Political discipline and rules 政治规矩
‘Political discipline and rules exist to enable CPC cadres to defend the authority of the CPC Central Committee and cadres must follow those rules, aligning themselves with the committee in deed and thought, at all times and in any situation. Party unity must be ensured.’
At the fifth plenary session of the 18th CPC Central Commission for Discipline Inspection (CCDI) in January, Xi said that to preserve party rule, cadres had to obey ‘political discipline and rules’. This included ‘unifying and concentrating power in one leader’.
New normal 新常态
‘China’s economic development has entered a “new normal”. The rate of economic growth is shifting to a medium-to-high rate, the model of large-scale quick growth is shifting towards a quality-centred model of intensive growth, and the momentum from investments is transitioning towards towards innovation driven growth.’
Although Xi’s signature term to describe China’s economic slowdown, ‘the new normal’, was coined in 2014, it remained a centrepiece of the Chinese president’s policy speeches in 2015, including the one given at the Boao Forum in March. By one scholar’s estimation, by March of 2015, Xi had already used the term ‘new normal’ over 160 times since the 18th Party Congress.
Critical minority 关键少数
‘Governing the country according to comprehensive rule of law must capture a “critical minority” of the leadership cadre.’
At a session for leading provincial-level cadres in February, Xi said a ‘critical minority’ of leading cadre was required to promote the rule of law and strengthen national defence and the military, among other goals. Xi has used the term repeatedly to emphasise the need for a disciplined vanguard within the top levels of the Party.
Feeling of progress 获得感
‘Reform must be carried through from the first to last kilometre, breaking through obstructions and preventing omissions. The gold content of reform must be fully displayed so the people can have a feeling of progress.’
At the tenth meeting of the Central Leading Group for Comprehensively Deepening Reforms on 27 February, and perhaps in an acknowledgement that fast-paced economic development does not objectively benefit everyone equally, Xi suggested using the people’s ‘feeling of progress’ as a barometer for success. He later used the term when discussing cross-Strait trade dialogue with Taiwan: people on Taiwan, he said, needed the ‘feeling of progress’ if they were to ‘close the distance between compatriots on both sides of the Strait’.
Purify the political ecology 净化政治生态
‘When the political ecology is dirty, the environment becomes vile; when the political ecology is bright and clean, the environment is first rate. Political and natural ecology are the same—neglect it even a little and it will very quickly become polluted. Once problems appear, recovery demands a large price.’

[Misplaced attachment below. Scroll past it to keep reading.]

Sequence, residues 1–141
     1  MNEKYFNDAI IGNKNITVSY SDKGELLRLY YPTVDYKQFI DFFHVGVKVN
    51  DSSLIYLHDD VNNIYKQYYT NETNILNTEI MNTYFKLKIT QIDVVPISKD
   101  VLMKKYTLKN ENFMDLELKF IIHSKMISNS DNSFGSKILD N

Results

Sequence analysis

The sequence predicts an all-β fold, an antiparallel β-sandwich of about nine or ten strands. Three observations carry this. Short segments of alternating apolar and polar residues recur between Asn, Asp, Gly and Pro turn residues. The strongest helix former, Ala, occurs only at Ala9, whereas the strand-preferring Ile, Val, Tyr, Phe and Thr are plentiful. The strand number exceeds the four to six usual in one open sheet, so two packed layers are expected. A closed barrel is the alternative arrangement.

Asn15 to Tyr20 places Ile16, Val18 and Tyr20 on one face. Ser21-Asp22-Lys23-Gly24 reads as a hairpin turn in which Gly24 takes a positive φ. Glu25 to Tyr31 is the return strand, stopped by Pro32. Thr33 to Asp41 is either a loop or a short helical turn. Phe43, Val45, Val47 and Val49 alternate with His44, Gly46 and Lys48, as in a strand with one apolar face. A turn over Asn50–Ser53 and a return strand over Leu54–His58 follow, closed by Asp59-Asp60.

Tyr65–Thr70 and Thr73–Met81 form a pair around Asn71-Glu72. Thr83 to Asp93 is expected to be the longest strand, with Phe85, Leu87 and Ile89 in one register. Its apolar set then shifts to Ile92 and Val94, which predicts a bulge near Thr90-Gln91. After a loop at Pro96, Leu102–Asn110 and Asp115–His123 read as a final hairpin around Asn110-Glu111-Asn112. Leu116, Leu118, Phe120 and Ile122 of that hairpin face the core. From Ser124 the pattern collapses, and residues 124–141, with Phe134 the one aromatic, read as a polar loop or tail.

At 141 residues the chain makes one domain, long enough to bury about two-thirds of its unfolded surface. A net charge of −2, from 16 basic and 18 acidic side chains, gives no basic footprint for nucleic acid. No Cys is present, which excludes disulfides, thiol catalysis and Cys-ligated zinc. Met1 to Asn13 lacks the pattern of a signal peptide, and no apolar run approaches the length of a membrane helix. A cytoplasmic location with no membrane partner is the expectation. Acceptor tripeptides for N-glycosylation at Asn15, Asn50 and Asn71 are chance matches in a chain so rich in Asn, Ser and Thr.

First coined last year, Xi has since used the concept of ‘political ecology’ on a number of occasions, including during the 2015 meetings of the National People’s Congress and Chinese People’s Political Consultative Conference.
Toilet revolution 厕所革命
‘Along with the quickened pace of agricultural modernisation and new rural construction, we must launch a “toilet revolution” to ensure the rural masses have access to sanitary toilets.’
Xi raised the need to make dramatic improvements to rural sanitation facilities on a number of occasions including during a visit to Yanbian Korean autonomous prefecture in July. China’s first ‘toilet revolution’ was in 1965; there have been at least three others since the 1980s.
Supply-side reform 供给侧改革
‘At the same time as appropriately increasing demand, we must try hard to increase structural supply-side reforms, raise the supply system’s quality and efficiency, and strengthen the momentum for sustainable economic growth.’
Xi first used the term ‘supply-side reforms’ during a meeting of the Leading Group for Financial and Economic Affairs on 11 November 2015 and has since used it repeatedly to underscore the government’s resolve to curb oversupply and push through new structural reforms during the period of the Thirteenth Five-Year Plan.
‘Four-iron’ cadres ‘四铁’干部
‘In order to build a prosperous society and realise the Chinese dream of national rejuvenation, we must groom officials to be as strong as iron in their belief, faith, discipline and sense of responsibility.’
At the National Party School Work Conference in December, Xi coined this new term to describe the calibre of cadre the country needs. The meeting came a few months after the party released new strict disciplinary regulations for party members.
Community of shared destiny in cyberspace 网络空间命运共同体
‘Cyberspace is humanity’s commons. The future of cyberspace should be in the hands of all nations. Each country should step up communication, broaden consensus and deepen co-operation, in order to jointly build a community of shared destiny in cyberspace.’
During the keynote address to the Second Wuzhen World Internet Conference in December, Xi adapted another favorite catchphrase, ‘common destiny’, to the politics of global Internet governance. He used it to stress the importance of establishing a ‘multinational’ regime for Internet management.